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  • Posted May 28, 2024

CDC Warns Again of Salmonella Tied to Backyard Poultry

Backyard chickens are causing outbreaks of salmonella across the United States, the U.S. Centers for Disease Control and Prevention warns.

About 109 people in 29 states have gotten sick from salmonella after touching or caring for backyard poultry, the CDC said in a health advisory.

Of those, 33 people have been hospitalized, the CDC said. No deaths have been reported. More than 2 in 5 people affected by the outbreak are children younger than 5, the agency added.

Backyard poultry can carry salmonella bacteria even if they look healthy and clean, the CDC noted. The germs can easily spread to anything in areas where poultry live and roam.

People can get sick from touching either backyard poultry or anything in their environment if they then touch their mouth or food and swallow salmonella germs.

People infected with salmonella experience diarrhea, fever and stomach cramps, with symptoms usually starting six hours to six days after swallowing the bacteria.

Most people recover from salmonella without treatment within a week, the CDC said.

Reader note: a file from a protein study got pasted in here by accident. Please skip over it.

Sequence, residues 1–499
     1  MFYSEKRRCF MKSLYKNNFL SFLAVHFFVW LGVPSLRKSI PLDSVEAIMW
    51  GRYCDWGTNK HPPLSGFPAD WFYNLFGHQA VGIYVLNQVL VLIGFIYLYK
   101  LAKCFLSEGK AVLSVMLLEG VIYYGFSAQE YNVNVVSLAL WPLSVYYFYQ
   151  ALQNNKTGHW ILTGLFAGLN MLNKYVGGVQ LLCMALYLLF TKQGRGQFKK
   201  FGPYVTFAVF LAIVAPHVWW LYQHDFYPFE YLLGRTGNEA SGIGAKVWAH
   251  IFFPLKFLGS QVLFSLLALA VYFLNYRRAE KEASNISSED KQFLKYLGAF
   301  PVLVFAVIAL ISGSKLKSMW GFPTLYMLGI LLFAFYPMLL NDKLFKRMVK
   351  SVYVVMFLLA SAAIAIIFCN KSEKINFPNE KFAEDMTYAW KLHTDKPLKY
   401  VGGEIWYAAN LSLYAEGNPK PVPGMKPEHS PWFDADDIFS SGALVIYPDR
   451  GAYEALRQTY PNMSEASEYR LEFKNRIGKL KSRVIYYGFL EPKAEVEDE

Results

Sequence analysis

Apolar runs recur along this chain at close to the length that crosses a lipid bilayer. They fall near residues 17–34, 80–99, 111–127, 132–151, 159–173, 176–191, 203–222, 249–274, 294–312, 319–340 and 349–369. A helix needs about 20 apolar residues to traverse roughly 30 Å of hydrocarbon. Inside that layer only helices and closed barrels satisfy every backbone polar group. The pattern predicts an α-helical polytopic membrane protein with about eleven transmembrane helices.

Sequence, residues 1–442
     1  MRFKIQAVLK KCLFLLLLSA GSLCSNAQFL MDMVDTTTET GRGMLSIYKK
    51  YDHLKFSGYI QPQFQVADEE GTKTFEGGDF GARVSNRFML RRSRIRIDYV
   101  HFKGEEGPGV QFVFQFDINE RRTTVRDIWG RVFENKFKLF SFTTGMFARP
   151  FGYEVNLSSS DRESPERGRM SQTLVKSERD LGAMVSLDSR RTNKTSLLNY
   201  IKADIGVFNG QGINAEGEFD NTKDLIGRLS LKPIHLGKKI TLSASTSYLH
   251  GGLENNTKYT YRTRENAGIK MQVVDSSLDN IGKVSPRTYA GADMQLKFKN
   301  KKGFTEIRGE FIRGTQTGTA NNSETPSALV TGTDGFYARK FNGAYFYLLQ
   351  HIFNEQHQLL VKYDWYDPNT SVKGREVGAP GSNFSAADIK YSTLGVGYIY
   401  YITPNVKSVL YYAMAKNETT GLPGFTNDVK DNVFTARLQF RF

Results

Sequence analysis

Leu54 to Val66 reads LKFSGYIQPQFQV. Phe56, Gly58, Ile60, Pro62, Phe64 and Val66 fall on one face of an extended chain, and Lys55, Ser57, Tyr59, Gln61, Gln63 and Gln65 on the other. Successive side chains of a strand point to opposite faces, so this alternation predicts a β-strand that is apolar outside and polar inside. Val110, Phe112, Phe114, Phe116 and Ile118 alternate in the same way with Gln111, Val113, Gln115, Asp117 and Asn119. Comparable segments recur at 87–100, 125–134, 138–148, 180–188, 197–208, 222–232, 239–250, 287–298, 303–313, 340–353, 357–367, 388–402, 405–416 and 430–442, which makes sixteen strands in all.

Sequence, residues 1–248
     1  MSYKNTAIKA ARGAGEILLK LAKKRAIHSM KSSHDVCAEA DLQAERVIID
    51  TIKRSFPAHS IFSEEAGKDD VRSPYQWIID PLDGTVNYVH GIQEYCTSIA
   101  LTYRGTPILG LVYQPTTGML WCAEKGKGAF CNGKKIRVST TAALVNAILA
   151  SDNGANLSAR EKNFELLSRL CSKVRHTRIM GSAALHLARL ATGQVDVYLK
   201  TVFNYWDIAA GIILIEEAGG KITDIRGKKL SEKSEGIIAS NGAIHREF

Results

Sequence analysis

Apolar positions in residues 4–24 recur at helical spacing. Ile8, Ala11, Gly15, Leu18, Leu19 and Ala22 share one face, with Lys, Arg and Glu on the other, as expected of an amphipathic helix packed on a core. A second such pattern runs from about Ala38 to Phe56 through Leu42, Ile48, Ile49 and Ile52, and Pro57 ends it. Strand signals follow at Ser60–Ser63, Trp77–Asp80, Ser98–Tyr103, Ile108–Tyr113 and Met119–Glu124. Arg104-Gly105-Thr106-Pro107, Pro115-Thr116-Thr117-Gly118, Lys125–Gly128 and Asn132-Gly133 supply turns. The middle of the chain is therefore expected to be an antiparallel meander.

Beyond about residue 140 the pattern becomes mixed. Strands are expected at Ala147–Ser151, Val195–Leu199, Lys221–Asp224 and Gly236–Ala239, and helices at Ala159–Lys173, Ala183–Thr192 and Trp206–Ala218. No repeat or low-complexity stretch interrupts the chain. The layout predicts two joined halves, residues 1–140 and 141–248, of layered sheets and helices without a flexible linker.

However, some people can experience more severe illness that will require medical treatment or hospitalization. The most vulnerable include young children, seniors ages 65 and older and people with weakened immune systems.

The CDC recommended that people wash their hands immediately after touching backyard poultry, their eggs or anything in the area where they live and roam.

Don't kiss or snuggle backyard chickens, and don't eat or drink anything around them, the CDC said.

Parents and caregivers should supervise children around flocks, since they are more likely to become very ill from salmonella.

And be sure to handle eggs carefully. Collect them often, throw away cracked eggs and be sure to rub off any dirt on eggs using a brush, cloth or fine sandpaper. Don't wash eggs, because colder water can pull germs into the egg, the CDC says.

More information

The U.S. Centers for Disease Control and Prevention has more about recent salmonella outbreaks.

SOURCE: U.S. Centers for Disease Control and Prevention, news release, May 23, 2024

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